By Freya Parr
Brought to us by artists from WAAPA’s Bachelor of Performance Making course, Well Mannered is an absurdist play addressing the regrets we have from our youth and how we deal with them. Grace, Wendy and Jason as children abandoned a man who was trapped in a well, and as they grow up they wrap themselves in denial. Desperately clinging to rituals such as their annual family dinner party, they ignore the fact that they are indirectly the cause of an innocent man’s death.
Although the concepts are initially strong and suck us into the action, as the storyline unfolds the absurdism takes over too strongly, and the meaning is somewhat lost. The pacing and progression of the narrative is also too slow in parts, meaning that the audience’s focus wavers.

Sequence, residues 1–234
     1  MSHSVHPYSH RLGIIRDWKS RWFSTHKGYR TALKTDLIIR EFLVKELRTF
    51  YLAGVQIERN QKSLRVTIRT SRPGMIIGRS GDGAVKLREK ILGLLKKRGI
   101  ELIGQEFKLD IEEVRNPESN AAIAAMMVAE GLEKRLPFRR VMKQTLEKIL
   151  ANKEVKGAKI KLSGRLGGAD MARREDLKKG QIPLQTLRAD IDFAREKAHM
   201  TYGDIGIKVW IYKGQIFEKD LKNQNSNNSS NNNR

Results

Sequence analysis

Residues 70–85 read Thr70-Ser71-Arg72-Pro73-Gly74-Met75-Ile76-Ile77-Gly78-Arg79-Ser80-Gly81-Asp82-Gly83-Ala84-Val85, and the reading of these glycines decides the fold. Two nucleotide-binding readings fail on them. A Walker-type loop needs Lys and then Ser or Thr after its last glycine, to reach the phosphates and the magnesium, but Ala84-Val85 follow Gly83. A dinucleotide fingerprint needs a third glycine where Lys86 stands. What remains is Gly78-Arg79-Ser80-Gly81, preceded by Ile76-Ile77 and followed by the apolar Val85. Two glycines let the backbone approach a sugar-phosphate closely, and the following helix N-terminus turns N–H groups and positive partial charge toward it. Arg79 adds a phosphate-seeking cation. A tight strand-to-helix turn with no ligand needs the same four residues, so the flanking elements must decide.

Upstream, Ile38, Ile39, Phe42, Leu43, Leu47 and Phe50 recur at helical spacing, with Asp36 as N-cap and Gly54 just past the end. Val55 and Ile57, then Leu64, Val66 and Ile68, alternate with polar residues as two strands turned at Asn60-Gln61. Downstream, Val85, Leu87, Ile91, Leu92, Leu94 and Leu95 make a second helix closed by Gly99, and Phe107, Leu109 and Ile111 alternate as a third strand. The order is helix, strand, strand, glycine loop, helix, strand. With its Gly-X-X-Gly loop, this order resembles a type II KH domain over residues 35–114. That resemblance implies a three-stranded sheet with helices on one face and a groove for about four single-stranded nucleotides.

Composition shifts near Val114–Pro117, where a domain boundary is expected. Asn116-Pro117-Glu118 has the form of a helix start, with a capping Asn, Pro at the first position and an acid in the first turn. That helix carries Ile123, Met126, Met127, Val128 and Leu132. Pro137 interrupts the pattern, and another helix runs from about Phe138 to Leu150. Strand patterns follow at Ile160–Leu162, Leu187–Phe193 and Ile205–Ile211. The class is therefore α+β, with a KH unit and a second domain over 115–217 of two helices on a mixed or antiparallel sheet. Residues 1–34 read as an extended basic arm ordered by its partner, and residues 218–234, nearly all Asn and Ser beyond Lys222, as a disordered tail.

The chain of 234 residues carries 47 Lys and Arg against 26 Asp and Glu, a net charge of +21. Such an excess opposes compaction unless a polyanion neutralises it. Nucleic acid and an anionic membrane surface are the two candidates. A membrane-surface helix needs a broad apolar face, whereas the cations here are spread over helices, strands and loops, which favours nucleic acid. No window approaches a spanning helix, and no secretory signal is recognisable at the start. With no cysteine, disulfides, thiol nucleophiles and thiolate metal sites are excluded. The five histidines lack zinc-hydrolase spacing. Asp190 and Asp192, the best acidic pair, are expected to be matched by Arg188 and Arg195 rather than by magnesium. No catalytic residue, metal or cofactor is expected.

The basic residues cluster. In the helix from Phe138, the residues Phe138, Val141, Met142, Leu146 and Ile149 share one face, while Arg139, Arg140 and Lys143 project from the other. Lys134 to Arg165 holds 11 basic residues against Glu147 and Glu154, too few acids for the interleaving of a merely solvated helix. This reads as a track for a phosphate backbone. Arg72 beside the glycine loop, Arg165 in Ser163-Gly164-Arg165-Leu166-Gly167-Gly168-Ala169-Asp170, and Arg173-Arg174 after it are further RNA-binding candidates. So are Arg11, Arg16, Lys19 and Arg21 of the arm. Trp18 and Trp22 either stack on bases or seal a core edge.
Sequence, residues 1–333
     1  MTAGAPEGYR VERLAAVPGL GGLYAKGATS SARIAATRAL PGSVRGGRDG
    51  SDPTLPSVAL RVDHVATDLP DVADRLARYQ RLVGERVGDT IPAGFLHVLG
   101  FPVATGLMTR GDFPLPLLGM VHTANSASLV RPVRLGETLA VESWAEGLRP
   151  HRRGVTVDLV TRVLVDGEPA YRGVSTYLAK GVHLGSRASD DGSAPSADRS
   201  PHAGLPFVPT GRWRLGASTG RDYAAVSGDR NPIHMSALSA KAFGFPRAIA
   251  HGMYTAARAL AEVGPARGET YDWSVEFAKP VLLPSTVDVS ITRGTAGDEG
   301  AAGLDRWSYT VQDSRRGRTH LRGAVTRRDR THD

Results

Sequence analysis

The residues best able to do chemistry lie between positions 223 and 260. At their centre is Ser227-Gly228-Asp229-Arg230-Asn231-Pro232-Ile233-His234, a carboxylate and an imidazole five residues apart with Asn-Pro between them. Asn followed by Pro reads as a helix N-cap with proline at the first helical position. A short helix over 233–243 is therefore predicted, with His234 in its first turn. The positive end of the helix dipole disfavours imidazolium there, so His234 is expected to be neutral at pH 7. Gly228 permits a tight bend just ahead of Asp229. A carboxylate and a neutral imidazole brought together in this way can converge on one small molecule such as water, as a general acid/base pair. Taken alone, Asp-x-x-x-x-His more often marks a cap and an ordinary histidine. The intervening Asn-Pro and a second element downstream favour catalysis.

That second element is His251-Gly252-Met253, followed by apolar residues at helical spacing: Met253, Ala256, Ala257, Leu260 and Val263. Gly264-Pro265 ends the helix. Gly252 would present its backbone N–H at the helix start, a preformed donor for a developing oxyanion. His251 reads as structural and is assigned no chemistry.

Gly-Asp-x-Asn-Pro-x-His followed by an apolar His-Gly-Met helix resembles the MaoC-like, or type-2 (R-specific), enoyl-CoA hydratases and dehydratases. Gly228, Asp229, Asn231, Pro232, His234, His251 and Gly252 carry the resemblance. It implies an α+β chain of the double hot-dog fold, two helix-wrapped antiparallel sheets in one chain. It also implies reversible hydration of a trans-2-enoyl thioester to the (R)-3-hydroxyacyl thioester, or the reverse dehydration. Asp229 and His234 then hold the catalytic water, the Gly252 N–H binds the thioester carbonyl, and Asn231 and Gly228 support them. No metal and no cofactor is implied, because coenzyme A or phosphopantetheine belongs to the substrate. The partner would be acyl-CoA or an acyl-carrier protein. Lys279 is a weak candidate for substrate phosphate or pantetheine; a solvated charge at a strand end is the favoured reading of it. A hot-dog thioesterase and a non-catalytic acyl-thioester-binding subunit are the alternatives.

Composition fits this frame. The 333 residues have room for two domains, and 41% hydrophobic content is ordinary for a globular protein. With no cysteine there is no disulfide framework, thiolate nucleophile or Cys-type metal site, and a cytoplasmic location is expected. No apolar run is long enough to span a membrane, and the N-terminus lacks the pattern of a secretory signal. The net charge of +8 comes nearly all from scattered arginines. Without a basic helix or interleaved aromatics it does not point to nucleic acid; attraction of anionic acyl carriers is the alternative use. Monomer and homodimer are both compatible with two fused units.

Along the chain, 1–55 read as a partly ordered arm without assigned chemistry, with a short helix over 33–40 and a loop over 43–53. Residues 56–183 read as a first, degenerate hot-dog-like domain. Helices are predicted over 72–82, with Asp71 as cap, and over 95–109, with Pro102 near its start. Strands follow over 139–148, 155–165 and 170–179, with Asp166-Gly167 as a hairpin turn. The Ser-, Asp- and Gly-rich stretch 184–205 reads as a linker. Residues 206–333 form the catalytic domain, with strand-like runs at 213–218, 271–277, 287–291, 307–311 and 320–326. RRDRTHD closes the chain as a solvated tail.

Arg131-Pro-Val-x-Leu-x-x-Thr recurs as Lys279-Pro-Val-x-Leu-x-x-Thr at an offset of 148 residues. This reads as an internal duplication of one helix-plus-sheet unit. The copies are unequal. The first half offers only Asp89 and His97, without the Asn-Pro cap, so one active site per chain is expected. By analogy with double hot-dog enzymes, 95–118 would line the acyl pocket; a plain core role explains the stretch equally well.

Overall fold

The piece shows real promise in some respects, with shadow puppetry and physical theatre implemented in some scenes. However, it is used fairly fleetingly, feeling like it’s been placed there to try and incorporate some unusual theatrical techniques, rather than seamlessly blending with the rest of the narrative.
Well Mannered ends in an extremely surreal manner, with the bones of the man from the well being brought to life. Although this fits in with the gothic horror style of writing, it lacks the punch needed to summarise the morals of the narrative. The concepts of keeping up appearances with manners being held in higher regard than honesty and integrity and facing up to one’s mistakes should be rearticulated towards the end. Instead, the audience left feeling bemused and struggling to work out the “point” of the production.
A performance with promise, but honing of the script and staging is definitely required to make it more of an impactful piece of theatre.
Well Mannered appeared as part of Fringe World.